April 30, 2002
By Mary Williams Walsh and Barry Meier
Two groups that dominate the purchasing of medical products for about half the nation's nonprofit hospitals have long said they exist to save money, pooling the influence of thousands of hospitals to negotiate a good price on the best products.
But some hospitals are finding otherwise. They have learned that they can do better on their own, and are now raising questions about the need for the huge buying groups, which negotiated contracts last year for $34 billion in supplies.
A new, preliminary study by the research arm of Congress, the General Accounting Office, is also challenging the buying groups' claims.
In the study, a copy of which was obtained by The New York Times, the G.A.O. found that using a big buying group "did not guarantee that the hospital saved money." In fact, prices negotiated by buying groups "were often higher than prices paid by hospitals negotiating directly with vendors" — in some cases "at least 25 percent higher," the G.A.O. said.
At issue are hundreds of millions, if not billions, of dollars in annual health care costs, much of it paid indirectly by taxpayers through programs like Medicare and Medicaid and by private insurers.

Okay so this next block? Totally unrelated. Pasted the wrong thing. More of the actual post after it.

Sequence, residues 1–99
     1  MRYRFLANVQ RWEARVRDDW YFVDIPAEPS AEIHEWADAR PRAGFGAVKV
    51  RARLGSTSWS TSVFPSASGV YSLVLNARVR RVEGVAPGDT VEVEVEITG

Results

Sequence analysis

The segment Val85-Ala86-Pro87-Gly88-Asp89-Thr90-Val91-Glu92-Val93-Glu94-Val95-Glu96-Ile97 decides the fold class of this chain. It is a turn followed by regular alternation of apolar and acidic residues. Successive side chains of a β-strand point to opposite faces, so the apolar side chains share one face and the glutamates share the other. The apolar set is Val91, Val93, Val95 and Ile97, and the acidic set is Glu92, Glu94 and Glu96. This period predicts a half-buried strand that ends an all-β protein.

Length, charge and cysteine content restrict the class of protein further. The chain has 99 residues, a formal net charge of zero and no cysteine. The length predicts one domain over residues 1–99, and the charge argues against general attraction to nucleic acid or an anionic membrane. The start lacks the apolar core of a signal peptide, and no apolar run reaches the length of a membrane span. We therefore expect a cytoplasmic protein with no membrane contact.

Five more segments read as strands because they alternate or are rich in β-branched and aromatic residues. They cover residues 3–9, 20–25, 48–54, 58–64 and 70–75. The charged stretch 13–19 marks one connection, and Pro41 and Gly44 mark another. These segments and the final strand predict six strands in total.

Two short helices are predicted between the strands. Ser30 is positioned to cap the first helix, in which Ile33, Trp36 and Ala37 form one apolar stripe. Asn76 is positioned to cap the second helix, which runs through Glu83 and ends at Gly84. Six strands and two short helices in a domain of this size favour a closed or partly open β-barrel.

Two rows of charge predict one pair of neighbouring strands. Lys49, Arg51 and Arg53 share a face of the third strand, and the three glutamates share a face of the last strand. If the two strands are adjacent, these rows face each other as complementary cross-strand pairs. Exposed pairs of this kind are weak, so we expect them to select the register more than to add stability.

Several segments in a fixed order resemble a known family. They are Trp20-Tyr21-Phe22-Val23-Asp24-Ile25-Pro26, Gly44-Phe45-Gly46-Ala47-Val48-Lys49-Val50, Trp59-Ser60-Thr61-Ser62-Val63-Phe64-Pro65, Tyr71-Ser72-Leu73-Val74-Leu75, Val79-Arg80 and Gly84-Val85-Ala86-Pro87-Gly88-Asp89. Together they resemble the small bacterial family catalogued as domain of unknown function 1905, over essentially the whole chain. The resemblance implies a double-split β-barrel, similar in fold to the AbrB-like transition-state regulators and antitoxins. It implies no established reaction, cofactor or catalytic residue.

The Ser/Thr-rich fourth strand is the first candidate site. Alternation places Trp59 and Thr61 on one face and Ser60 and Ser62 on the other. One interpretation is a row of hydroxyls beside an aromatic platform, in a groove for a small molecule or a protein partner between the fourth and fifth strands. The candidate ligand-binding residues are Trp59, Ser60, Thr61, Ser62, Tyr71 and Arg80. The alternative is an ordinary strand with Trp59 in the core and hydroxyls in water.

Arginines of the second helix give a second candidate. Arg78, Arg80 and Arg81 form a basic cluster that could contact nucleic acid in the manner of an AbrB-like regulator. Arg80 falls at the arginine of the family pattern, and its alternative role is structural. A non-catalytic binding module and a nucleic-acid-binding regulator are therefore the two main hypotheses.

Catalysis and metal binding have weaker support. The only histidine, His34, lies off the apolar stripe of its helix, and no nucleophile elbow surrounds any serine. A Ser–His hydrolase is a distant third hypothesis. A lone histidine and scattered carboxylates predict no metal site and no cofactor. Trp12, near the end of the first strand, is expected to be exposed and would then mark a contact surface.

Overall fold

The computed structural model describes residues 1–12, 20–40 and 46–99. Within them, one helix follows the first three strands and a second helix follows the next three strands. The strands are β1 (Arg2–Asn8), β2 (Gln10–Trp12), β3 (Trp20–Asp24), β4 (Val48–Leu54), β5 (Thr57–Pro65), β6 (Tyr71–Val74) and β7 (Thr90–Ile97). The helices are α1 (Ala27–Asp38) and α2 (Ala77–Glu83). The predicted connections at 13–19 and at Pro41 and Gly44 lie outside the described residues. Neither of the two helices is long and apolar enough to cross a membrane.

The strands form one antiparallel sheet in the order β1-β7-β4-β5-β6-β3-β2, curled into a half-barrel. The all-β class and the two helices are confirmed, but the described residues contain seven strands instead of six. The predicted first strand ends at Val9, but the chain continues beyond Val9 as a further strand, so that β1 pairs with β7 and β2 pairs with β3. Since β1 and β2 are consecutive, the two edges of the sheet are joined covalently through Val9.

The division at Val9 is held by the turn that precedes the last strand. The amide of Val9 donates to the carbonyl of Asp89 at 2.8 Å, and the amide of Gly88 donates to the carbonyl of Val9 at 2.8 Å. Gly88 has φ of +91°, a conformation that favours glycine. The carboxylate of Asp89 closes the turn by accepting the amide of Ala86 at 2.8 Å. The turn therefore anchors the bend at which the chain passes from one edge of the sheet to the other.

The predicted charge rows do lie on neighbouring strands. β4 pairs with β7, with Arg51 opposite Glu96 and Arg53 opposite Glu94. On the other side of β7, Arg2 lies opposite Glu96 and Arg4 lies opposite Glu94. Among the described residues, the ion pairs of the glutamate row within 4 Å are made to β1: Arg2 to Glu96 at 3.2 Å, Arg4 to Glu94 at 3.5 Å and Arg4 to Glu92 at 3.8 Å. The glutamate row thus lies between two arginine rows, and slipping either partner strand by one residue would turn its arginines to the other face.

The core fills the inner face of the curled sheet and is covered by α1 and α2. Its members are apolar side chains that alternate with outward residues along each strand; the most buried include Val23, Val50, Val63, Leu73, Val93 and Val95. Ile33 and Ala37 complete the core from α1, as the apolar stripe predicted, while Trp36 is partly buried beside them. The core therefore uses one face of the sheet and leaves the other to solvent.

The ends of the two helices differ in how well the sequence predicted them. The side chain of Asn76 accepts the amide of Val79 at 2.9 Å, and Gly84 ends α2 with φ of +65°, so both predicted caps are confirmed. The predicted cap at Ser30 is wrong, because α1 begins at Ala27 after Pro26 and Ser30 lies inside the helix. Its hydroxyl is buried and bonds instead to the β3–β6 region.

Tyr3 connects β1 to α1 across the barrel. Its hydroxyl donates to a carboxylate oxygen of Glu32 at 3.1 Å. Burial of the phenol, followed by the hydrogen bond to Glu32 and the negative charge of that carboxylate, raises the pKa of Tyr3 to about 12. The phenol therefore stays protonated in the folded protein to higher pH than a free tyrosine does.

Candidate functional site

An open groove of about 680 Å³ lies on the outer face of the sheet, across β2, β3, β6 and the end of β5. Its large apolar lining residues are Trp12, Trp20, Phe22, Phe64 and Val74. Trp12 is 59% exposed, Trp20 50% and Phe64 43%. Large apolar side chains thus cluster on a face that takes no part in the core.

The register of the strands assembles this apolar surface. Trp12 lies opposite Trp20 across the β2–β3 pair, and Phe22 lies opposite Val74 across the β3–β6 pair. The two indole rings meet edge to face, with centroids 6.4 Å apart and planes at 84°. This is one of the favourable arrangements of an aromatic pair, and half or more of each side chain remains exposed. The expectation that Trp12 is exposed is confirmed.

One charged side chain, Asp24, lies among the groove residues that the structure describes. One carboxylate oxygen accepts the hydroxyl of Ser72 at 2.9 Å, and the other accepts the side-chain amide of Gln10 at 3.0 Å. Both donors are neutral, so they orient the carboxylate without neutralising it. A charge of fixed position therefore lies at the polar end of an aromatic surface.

The G.A.O. report is to be presented today at the first Congressional hearing on the operations of these buying groups. The hearing will be held by the antitrust subcommittee of the Senate Judiciary Committee. The subcommittee is headed by Herb Kohl, Democrat of Wisconsin.
The report comes a day after one of the largest buying groups, Premier Inc., took out a full-page ad in Roll Call, a newspaper covering Capitol Hill.
In the ad, Premier took credit for "holding down the costs of health care for American businesses, taxpayers, and consumers."
The G.A.O. cautioned that its initial report was limited in scope and said it planned a broader inquiry. Government auditors surveyed hospitals in only one city for the prices they paid for two categories of products: pacemakers and hypodermic needles with safety features to prevent accidental sticks. Some of the hospitals surveyed bought such products through contracts negotiated by buying groups, while others made their own deals.
Officials of the two biggest buying groups, Premier and Novation, which together negotiate contracts on behalf of about half of nonprofit hospitals, said they had not seen the study. Told of its findings, they disputed its methods and results.
Jody Hatcher, vice president for marketing for Novation, based in Irving, Tex., said the findings were skewed because the study looked at only two products rather than a wider range of supplies.
"I think you have a flawed study," he said. He and Premier officials said that if hospitals could really save money on their own they would be leaving buying groups in droves.
But the G.A.O. survey, even with its limitations, adds to the growing debate about whether groups like Premier and Novation really lower the cost of medical products for the hospitals that own the groups or buy through them. Some hospital executives said in interviews that the groups did save them money, while others said they saved many millions of dollars by going it alone.